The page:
About Us



Email: fromme@psy.utexas.edu
Office: SEA 3.242B
Vitae: PDF

Dr. Kim Fromme
Kim Fromme, Ph.D., is Professor of Clinical Psychology at the University of Texas at Austin and is also the Director of the Studies on Alcohol, Health, and Risky Activities (SAHARA). She received her Ph.D. from The University of Washington, and is a Fellow and former President of the Society of Addiction Psychologists (Division 50) of the American Psychological Association.

Her program of research focuses on the etiology and prevention of alcohol abuse and risk-taking behaviors among adolescents and young adults. With support from a $3.2 million grant from the National Institute on Alcohol Abuse and Alcoholism, Dr. Fromme recently completed a longitudinal study of the alcohol use and other behavioral risks (e.g., drug use, risky sex, aggression) of a cohort of first time college students, beginning with their senior year in high school and following them for the next 6 years. This research examined individual, environmental, and social factors that influence the developmental trajectories of alcohol use and other behavioral risks among students as they progress through college and beyond. Yielding over 30 publications thus far, this research has provided new insights into the development of alcohol use patterns and behavioral risks during emerging adulthood, as well as the event-level association between alcohol intoxication, subjective responses to alcohol, and participation in other forms of behavioral risks.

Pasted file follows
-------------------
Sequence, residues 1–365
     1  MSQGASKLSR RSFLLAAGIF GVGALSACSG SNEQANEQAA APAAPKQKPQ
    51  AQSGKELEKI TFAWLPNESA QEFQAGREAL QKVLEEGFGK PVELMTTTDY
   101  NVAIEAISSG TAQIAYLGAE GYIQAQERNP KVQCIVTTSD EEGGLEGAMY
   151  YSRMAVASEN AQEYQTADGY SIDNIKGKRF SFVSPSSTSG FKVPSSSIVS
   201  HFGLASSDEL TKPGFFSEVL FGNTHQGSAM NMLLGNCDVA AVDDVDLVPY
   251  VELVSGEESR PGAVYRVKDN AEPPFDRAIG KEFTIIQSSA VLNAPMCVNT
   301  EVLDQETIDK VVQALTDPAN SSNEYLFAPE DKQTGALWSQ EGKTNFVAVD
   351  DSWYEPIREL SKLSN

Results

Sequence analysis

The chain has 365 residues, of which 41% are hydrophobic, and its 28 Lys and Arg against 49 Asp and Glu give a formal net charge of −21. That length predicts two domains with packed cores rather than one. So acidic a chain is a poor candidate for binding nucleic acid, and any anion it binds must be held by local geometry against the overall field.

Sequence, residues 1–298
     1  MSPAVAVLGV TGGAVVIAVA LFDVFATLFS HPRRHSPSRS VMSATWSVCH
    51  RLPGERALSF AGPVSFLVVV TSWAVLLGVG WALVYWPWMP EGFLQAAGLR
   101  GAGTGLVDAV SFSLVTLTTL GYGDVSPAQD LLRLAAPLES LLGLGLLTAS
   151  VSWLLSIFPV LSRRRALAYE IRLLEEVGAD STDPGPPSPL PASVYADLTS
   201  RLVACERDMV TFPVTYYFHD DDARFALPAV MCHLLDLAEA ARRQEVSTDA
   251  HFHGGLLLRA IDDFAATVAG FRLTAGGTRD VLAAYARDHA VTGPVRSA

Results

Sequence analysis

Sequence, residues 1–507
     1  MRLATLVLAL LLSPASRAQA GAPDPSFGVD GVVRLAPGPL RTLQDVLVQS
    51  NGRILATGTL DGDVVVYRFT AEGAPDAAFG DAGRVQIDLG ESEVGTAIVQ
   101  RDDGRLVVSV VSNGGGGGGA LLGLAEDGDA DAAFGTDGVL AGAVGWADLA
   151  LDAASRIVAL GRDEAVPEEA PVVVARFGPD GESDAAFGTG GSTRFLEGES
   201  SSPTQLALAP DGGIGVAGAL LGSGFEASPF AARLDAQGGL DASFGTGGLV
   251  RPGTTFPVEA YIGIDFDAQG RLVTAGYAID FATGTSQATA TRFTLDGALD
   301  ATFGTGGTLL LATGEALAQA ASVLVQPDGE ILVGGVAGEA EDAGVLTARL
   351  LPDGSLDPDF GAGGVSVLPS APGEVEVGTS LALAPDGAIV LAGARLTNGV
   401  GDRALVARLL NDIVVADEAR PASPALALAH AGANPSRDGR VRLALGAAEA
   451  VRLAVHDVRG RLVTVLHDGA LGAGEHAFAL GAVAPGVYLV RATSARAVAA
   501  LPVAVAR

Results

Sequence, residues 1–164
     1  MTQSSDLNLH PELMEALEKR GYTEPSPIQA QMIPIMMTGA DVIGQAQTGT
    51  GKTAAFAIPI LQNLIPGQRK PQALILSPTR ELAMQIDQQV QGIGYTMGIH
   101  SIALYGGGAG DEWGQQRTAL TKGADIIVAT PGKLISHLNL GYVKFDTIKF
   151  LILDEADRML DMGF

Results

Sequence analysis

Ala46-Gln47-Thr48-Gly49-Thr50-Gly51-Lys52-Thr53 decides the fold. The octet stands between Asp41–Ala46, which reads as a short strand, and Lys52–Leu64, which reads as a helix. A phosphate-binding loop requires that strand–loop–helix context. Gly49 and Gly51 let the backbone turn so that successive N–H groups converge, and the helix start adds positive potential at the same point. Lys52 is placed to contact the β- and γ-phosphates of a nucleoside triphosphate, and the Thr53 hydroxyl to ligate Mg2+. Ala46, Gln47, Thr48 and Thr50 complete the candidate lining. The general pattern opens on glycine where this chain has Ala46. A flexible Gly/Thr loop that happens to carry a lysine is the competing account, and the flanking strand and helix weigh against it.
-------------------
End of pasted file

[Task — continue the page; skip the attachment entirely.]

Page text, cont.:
Dr. Fromme and Dr. Paige Harden recently received a new 5-year NIAAA grant to study the “Genetic mechanisms of change in trajectories of drinking and other deviant behaviors.” In the Genes and New Experiences Study, we are examining the effects of genomic variation on alcohol use and other risk behaviors and traits. To accomplish this, we are collecting saliva samples for DNA testing from participants in our previous “UT Experience!” longitudinal study of first time college students. We are then directly assaying the DNA samples for approximately 265,000 genetic markers in a process called “genotyping,” After successfully genotyping samples, we then use a variety of statistical genetic methods to ‘impute’ an additional ~6,500,000 genetic markers. We will then be using this myriad of genetic data to calculate individual-specific estimates of genetic liability for a given trait or behavior, which will be used to predict individual differences in a range of important behavioral and psychological outcomes. See www.utgenes.org for more information on this ongoing project.